Robert R. Lyman, Sr. (1870-1963), was someone who spent decades carefully collecting and chronicling reports of odd events, curious tales, and spooky legends; many from the Black Forest of north-central Pennsylvania. It was an area that Lyman had a particular fondness for. While many of the accounts were of the ghostly and supernatural variety, others were of a distinctly beastly kind. And they were varied and weird in the extreme.
Lyman said that “old timers” and “yarn spinners” in Potter County told him of the so-called “Sidehill Mootie.” A bizarre beast, it had one leg shorter than the other! Lyman explained that, according to his sources, “It was built for the county’s steep hills and could travel only in one direction around the hill. If alarmed, so that it turned around, it tumbled down the hill and could easily be captured alive.” It was, he added, “very ferocious.”
Lyman also recorded that local Native Americans told of “the most dreaded of strange, forest animals.” It was a creature with the very odd name of the “Hide-Behind.” Lyman explained that: “No-one ever saw one of the creatures because they always hid behind a tree. But everyone knew that they often followed travelers through the woods.”
He expanded further on the nature of this near-unique (and highly unlikely!) critter of the woods: “If a person was afraid of them and kept looking back, the hide-behind would torment him into a panic. It took a brave man to be the last in line with a group walking through the woods. Old woodsmen said the only way to overcome the fear of the hide-behinds was to ignore them.”
The Black Forest was also reportedly the home of a terrifying serpent, the “Hoop-Snake.” Once again, Lyman had intriguing data to impart on the nature of this deadly thing, which moved across the ground by placing its tail in its mouth and rolling along like a wheel! He elaborated: “As it came close it snapped its tail loose and struck its prey with a poison stinger. Escape was possible by jumping into a tree. The snake would strike the tree with its stinger and, unable to pull it out of the wood, the snake could easily be killed. The stung tree usually died.” Yes, of course it did…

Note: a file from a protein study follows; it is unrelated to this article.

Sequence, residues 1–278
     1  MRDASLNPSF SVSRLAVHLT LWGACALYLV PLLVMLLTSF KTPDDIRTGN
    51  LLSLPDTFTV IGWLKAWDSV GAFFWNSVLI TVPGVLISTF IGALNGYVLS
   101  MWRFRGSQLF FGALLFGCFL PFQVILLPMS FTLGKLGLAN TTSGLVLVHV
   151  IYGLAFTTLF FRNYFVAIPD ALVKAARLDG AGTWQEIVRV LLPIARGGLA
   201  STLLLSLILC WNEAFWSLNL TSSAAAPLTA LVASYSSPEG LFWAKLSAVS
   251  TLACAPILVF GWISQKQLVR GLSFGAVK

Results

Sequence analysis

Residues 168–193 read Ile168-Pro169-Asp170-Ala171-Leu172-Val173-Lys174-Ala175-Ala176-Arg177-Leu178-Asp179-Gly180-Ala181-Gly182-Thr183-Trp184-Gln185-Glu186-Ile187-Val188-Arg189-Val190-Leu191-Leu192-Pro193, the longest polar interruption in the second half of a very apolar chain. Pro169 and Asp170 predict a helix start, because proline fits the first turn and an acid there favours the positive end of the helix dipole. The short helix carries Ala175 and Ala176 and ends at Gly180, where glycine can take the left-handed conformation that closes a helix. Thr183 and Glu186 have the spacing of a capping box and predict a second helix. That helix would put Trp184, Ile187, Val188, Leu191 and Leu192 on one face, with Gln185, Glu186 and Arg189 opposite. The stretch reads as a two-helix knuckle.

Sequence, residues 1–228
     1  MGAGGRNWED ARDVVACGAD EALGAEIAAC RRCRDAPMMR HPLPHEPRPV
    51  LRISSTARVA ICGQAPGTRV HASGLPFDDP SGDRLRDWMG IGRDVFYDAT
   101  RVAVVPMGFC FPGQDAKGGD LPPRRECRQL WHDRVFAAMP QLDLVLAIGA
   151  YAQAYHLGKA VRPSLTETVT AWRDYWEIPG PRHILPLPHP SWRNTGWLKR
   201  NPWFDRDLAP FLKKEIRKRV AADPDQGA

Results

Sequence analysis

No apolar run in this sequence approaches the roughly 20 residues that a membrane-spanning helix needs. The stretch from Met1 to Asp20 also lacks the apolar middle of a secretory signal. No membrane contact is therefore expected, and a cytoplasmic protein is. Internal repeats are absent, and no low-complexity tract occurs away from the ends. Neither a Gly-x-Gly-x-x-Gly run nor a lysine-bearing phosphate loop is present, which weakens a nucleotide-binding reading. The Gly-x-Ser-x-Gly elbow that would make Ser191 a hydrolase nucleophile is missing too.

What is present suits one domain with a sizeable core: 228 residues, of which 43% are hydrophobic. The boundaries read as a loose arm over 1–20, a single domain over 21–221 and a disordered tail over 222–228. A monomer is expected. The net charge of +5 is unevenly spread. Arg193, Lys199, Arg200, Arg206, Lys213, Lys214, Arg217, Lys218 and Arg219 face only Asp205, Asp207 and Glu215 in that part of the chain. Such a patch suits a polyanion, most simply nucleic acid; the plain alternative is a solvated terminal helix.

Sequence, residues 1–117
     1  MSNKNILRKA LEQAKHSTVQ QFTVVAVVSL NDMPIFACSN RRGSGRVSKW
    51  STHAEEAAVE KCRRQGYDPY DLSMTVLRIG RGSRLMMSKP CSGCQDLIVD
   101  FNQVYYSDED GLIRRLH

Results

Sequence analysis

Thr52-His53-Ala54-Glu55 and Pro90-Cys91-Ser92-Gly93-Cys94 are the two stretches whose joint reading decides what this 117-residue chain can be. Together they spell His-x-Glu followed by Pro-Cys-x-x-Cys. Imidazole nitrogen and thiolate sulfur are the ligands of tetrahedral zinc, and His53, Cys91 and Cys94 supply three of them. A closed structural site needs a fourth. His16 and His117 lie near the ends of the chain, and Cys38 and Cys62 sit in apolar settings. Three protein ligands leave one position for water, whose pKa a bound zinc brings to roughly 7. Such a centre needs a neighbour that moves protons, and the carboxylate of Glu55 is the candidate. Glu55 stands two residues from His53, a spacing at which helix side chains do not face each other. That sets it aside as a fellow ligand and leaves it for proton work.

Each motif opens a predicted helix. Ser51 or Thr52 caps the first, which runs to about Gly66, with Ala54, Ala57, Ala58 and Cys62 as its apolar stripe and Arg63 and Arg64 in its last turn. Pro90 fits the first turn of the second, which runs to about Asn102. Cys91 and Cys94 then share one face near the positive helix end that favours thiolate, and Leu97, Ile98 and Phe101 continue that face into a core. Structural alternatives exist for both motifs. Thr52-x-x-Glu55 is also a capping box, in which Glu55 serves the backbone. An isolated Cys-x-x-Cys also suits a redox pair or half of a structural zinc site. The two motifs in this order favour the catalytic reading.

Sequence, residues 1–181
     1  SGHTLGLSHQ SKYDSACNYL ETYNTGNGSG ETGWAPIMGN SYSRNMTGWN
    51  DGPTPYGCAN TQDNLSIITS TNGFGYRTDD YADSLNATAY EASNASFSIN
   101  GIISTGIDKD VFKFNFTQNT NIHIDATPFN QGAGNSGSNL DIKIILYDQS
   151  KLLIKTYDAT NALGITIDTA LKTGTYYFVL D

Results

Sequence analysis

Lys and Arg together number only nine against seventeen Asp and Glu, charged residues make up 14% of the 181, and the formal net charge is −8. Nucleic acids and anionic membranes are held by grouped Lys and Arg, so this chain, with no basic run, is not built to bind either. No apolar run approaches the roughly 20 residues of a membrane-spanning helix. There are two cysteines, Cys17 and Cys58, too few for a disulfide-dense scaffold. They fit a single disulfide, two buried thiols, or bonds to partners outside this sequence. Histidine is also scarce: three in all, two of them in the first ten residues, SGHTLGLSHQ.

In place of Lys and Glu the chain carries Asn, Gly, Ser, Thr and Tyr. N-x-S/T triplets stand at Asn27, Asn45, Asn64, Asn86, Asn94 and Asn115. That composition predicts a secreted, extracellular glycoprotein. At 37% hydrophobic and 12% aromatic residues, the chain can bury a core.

Other unique creatures of the forest included the Fulleramo Bird, which flew in a very odd fashion: backwards, no less! Recognizing the humor in this, Lyman said: “It never saw where it was going and often hit people in the face! It could make a weird whistle through its tail.” Quite.
Far less humorous was the “Sharp-Tailed Hodag.” According to Lyman, “It was equipped with massive jaws and stout dorsal spines. It was very fond of live dogs which it sopped in mud before devouring. It could be tamed and taught to cut grain with its scythe-shaped tail.”
Of course, Lyman was no fool, or uncritical commentator. In that sense, he recognized that these Black Forest tales had an air of the mythological and the folkloric about them. He didn’t, however, rule out the possibility that the accounts may have had some basis in reality. He closed his study of the bizarre beasts of the Black Forest with the following words:
“During the long, winter evenings story-tellers would yarn away for hours about all these, and more, impossible creatures. Mothers would tell these tales to wide-eyed children to make them fear the forest, so they would not wander away and get lost. They grew up half believing that the strange animals were an ever present hazard. Today, these weird creatures have all passed away, and so have the talented story-tellers who kept their memory alive. Except for a few recorded accounts, we would never know the entertainment provided by the folklore tales of our ancestors.”